In an effort to increase visibility of and access to the scholarship of teaching and learning (SoTL) work on one campus, a collaboration formed between a faculty developer, a librarian, and a media specialist within a center for teaching and learning (CTL).
This critical retrospective review describes the ideation, creation, and implementation of a faculty development fellows program at a regional comprehensive university.
Significant progress has been made in understanding science, technology, engineering, and mathematics (STEM) education and ways it can be improved, but propagation of change remains a challenge. This study presents an analysis of STEM faculty responses to open-text survey questions that asked them to identify motivations and obstacles to making changes in their teaching.
Gary A. Smith
Many faculty members demonstrate unwavering resistance to adopting research-based instructional strategies. This phenomenon commonly fits with motivated reasoning, whereby a person feels threatened by persuasion to change, leading to overtly defensive and sometimes disruptive behaviors and refusal.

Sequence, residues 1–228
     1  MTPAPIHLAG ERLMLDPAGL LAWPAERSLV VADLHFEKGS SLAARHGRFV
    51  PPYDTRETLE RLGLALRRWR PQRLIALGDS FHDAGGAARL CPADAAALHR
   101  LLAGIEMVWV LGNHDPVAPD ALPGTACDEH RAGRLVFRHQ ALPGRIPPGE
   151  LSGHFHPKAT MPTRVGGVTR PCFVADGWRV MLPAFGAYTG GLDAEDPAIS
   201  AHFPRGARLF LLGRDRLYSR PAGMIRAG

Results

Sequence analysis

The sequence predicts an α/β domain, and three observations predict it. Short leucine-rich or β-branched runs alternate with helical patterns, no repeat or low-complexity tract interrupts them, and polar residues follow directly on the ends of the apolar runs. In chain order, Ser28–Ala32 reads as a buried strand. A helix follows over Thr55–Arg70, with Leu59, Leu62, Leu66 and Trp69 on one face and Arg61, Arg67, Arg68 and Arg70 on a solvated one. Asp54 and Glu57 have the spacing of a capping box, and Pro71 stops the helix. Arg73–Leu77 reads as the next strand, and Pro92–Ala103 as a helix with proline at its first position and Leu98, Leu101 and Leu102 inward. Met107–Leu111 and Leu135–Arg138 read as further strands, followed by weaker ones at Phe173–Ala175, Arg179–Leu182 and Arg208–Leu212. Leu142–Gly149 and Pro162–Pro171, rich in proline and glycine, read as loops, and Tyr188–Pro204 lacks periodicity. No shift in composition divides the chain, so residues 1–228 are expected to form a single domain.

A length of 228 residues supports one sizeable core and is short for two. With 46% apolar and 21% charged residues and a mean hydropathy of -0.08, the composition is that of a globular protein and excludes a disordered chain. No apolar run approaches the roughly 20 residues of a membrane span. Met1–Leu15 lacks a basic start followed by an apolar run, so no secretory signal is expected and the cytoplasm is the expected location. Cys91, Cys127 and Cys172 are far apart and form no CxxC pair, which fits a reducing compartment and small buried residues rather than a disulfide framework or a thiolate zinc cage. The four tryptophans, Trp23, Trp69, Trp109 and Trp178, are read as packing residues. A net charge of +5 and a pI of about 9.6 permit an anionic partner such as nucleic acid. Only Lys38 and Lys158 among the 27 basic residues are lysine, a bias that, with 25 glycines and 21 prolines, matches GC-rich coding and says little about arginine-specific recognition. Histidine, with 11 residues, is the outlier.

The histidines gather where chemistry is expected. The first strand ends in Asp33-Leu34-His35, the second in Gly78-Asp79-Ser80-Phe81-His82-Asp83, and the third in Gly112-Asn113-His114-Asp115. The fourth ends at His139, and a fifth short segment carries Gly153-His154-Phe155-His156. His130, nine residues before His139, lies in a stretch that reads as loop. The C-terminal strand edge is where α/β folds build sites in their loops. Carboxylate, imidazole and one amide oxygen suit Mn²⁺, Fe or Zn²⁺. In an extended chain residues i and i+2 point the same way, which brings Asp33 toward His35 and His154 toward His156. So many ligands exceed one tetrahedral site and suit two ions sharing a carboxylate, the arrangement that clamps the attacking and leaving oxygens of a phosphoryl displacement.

Cultivating and Sustaining a Faculty Culture of Data-Driven Teaching and Learning: A Systems Approach
Marsha Lovett and Chad Hershock
A prominent goal of colleges and universities today is to enact data-driven teaching and learning. Faculty clearly play a key role, and yet they tend to have limited time, a lack of training in assessment or education research, and few incentives for engaging in this work.
(Cultural) Taxation Without Representation?: How Educational Developers Can Broker Discourse on Black Faculty Lives in the #BlackLivesMatter Era
Richard J. Reddick, Beth E. Bukoski, and Stella L. Smith
With an understanding that equity-minded faculty development is an essential space in which to respond to cultural taxation (CT), our study employed a phenomenological focus group design to investigate how Black faculty at a research-intensive PWI located in a creative class city buffeted by racial tensions navigated their service and community experiences.
These open sessions are an opportunity to connect, support, and create community with your educational development colleagues. Let’s check in with one another and talk about what (and how) we are all doing during this pandemic.
Revisiting an essay from 1999, this article explores the current conditions in higher education, and society more broadly, that help shape the roles for the scholarship of teaching and learning (SoTL) and educational development.
Lindsay Bernhagen, PhD
Hello readers, and welcome to both a new year and a new phase for To Improve the Academy. As your editor, I am thrilled to announce that this is our first open access issue brought to you by our new publisher, Michigan Publishing Services.